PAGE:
Turkish artist Ahmet Ögüt

BAKU (Artnetnews) — Turkish artist Ahmet Ögüt has withdrawn a solo exhibition of his work from the Yarat Contemporary Art Space in Baku, Azerbaijan, after the museum tied it in social media posts to the ongoing war in Nagorno-Karabakh.

Earlier this month, Yarat published a photo of its facade on Instagram and Facebook in which the sign advertising the artist’s exhibition, “No Poem Loves Its Poet,” was paired with a matching banner that read: “Everything for the homeland! Karabakh is Azerbaijan.”

“I have become aware that the banner of my exhibition is being used as a propaganda tool in social media along with politically motivated statements that have nothing to do with my independent vision or the content of my exhibition,” Ögüt wrote in a public letter shared Wednesday.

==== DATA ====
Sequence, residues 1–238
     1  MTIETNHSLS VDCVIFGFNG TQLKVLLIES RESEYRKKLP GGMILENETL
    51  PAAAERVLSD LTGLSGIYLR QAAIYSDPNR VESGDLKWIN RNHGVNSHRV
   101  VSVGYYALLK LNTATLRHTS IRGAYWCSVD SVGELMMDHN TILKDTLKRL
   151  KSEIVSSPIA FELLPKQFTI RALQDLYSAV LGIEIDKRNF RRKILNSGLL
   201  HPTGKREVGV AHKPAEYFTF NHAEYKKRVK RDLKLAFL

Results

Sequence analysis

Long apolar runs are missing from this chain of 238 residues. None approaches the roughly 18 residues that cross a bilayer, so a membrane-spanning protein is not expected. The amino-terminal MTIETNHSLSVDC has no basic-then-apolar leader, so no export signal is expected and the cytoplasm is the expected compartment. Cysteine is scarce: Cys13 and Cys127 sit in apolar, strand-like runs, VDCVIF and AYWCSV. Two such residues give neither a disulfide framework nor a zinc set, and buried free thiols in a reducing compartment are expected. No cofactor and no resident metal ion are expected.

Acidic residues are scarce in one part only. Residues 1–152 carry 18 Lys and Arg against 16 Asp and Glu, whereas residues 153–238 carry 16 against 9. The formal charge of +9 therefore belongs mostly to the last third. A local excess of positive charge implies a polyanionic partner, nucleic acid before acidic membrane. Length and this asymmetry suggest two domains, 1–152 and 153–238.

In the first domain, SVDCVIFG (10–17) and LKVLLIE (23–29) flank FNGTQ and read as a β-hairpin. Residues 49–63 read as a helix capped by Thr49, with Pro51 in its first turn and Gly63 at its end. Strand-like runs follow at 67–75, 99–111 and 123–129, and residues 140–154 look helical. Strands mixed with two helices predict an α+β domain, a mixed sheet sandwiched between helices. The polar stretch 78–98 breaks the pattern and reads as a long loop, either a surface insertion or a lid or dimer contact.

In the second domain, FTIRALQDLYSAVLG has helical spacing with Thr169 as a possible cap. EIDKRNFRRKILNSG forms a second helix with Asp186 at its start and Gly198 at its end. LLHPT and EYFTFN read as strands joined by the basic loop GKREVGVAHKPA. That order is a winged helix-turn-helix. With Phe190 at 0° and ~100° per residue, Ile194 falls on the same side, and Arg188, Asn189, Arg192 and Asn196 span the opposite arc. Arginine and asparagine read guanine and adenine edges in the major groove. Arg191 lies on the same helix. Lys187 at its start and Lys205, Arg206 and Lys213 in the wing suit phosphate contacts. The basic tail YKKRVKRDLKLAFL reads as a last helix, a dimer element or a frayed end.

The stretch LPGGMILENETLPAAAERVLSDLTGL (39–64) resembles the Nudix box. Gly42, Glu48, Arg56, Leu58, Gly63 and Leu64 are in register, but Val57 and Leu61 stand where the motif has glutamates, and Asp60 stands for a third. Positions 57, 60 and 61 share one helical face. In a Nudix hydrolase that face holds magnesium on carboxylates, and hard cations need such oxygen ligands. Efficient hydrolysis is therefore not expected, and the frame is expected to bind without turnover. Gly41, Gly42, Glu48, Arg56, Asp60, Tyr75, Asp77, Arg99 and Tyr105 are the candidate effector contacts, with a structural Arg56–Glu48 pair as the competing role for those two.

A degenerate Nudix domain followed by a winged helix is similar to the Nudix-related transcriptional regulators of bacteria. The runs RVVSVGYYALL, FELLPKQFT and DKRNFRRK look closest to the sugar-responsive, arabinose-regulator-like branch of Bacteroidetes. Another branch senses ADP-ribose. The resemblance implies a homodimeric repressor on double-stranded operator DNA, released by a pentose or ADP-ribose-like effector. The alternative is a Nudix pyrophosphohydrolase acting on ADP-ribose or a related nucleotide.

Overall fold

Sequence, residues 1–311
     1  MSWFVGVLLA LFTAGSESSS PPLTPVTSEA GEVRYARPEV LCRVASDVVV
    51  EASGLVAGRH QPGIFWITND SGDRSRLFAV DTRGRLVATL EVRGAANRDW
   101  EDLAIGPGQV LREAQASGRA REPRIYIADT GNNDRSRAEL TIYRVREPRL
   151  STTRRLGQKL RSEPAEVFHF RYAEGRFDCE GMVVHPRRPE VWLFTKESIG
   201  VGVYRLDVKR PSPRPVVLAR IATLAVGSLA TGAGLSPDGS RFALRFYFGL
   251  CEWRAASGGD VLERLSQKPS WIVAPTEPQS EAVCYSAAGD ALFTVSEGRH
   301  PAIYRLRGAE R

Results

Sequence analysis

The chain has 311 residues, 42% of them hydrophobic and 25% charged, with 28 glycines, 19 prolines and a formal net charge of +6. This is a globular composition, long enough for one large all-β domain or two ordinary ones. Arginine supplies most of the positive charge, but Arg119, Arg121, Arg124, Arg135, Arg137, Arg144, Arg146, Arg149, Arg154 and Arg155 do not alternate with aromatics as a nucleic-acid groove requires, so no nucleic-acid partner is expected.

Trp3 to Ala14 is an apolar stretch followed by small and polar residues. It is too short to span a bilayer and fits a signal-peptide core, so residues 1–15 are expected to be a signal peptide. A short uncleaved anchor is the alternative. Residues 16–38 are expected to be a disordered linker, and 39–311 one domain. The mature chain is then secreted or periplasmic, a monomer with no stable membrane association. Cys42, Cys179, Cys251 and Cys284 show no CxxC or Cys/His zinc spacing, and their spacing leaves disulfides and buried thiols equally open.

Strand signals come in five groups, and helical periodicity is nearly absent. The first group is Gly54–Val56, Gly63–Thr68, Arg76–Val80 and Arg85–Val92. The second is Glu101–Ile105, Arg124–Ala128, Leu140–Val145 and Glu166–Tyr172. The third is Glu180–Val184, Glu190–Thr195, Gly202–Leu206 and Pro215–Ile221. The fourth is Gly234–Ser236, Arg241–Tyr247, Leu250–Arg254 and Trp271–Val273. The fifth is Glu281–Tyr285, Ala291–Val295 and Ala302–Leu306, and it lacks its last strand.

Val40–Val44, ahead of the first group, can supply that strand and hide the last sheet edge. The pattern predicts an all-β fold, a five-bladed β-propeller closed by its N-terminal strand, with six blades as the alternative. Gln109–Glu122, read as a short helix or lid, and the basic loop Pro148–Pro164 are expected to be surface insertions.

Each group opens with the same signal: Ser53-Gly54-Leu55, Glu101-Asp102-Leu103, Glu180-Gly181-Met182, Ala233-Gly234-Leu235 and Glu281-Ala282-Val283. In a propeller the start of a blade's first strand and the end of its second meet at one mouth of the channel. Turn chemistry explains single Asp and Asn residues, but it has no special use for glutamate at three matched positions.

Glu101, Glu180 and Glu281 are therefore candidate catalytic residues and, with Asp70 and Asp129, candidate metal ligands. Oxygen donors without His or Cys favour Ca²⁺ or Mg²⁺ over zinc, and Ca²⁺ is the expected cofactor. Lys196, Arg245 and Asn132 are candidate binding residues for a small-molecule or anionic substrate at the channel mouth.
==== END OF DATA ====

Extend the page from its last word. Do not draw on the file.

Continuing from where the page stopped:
“As the institution has regrettably rejected my requests to take down the exhibition banner with my name appearing next to the Azerbaijani national flag on the facade of its building, and the photo thereof on its social media sites, I have no other option but to demand the immediate closure of my exhibition,” said the artist, who was born in Turkey and works between Amsterdam and Berlin. “I refuse to allow my work to fall prey to political instrumentalization.”

Soon after the Ögüt sent out his statement on October 28, Yarat changed the exhibition details on its website to say that the show was over, the artist Tells Artnet News over email. His works were removed from view that same day, but they remain on the premises.

Ahmet Ögüt (born 1981 in Diyarbakir, Turkey) is a conceptual artist living and working in Amsterdam, Netherlands. He works with a broad range of media including video, photography, installation, drawing and printed media. In 2009 he represented Turkey in the Pavilion of Turkey at the 53rd International Art Exhibition of the Venice Biennial.

Ahmet Ögüt has colaborated with Nina Katchadourian on a project titled “Blind Dates: New Encounters from the Edges of a Former Empire” that promotes cultural exchange and public diplomacy.

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